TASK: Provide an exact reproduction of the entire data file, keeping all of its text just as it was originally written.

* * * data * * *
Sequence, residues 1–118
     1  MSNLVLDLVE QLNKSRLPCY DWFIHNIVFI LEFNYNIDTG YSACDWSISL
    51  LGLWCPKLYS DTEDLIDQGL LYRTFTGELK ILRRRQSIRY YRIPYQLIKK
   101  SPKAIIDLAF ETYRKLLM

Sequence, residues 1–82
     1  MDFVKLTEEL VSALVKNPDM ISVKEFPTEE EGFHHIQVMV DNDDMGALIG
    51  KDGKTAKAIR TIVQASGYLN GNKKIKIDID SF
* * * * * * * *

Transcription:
Sequence, residues 1–118
     1  MSNLVLDLVE QLNKSRLPCY DWFIHNIVFI LEFNYNIDTG YSACDWSISL
    51  LGLWCPKLYS DTEDLIDQGL LYRTFTGELK ILRRRQSIRY YRIPYQLIKK
   101  SPKAIIDLAF ETYRKLLM

Sequence, residues 1–82
     1  MDFVKLTEEL VSALVKNPDM ISVKEFPTEE EGFHHIQVMV DNDDMGALIG
    51  KDGKTAKAIR TIVQASGYLN GNKKIKIDID SF